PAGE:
Check the Doors Open Ottawa website and guide for opening hours of buildings, and other information.
Canada Dance Festival
See part of the Canada Dance Festival—outdoors. Kaeja d’Dance presents Porch View Dances in Westboro on Saturday, Jun. 4 and Sunday, Jun. 5, 2016 at 4 p.m. The audience moves through the neighbourhood to watch local families perform dances created by professional choreographers—extremely fun. (For more outdoor dance, check out Aeriosa’s aerial performances and La Grande Fente’s pop-up dances in the Byward Market on Thursday, Jun. 9, 2016.)
The wonderful Westfest happens Friday, Jun. 3-Sunday, Jun. 5, 2016 in its new location, Laroche Park (52 Bayview Rd.). The free festival includes live music, art programming, an Indigenous pavilion, an artisan area and local food trucks, performance artists, spoken word artists, kids’ activities and more. See the website for the full lineup.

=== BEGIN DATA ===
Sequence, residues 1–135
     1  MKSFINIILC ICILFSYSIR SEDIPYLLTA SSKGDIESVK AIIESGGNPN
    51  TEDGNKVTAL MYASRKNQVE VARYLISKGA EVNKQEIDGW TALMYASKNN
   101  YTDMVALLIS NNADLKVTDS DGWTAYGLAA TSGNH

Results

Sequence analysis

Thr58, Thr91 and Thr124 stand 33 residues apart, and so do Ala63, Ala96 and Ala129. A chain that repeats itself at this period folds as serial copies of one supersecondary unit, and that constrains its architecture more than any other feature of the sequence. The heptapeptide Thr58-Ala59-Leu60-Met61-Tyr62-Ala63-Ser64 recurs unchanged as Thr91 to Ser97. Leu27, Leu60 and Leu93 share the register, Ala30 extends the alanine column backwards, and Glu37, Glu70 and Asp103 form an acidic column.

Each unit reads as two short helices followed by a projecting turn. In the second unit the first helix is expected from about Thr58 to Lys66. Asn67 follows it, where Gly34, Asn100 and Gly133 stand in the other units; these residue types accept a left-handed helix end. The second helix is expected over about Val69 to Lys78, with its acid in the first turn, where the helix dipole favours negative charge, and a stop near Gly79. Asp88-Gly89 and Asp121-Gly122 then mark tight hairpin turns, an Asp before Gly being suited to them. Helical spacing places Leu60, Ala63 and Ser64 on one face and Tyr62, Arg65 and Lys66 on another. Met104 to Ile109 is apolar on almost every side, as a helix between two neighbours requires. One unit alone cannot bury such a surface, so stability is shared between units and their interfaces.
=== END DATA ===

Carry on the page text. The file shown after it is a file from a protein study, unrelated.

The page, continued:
Prose in the Park
Another fun (and free!) outdoor event is Prose in the Park, happening on Friday, Jun. 3 (at Origin Studio) and Saturday, Jun. 4, 2016 at Parkdale Park. There’s a great line-up of authors, so check it out.
Great Lemonade Standemonium
On Saturday, Jun. 4, 2016, look for the Great Lemonade Standemonium, where kids around town will be running lemonade stands in their neighbourhoods, to raise funds for the Ottawa Regional Cancer Foundation. There’s more information and a map on the website.
April 22 was Earth Day. Earth Day draws needed attention to the environment, but sometimes it comes with a lot of hype, too–for example, by companies promoting yet more consumption of their stuff, or association with things that have very little to do with sustainability.
Reflecting on Earth Day this year made me want to think bigger–about the earth’s complexity, the way good writers or artists can express it. When I learned that April 23 is World Book Day, that clinched the idea of a post on books.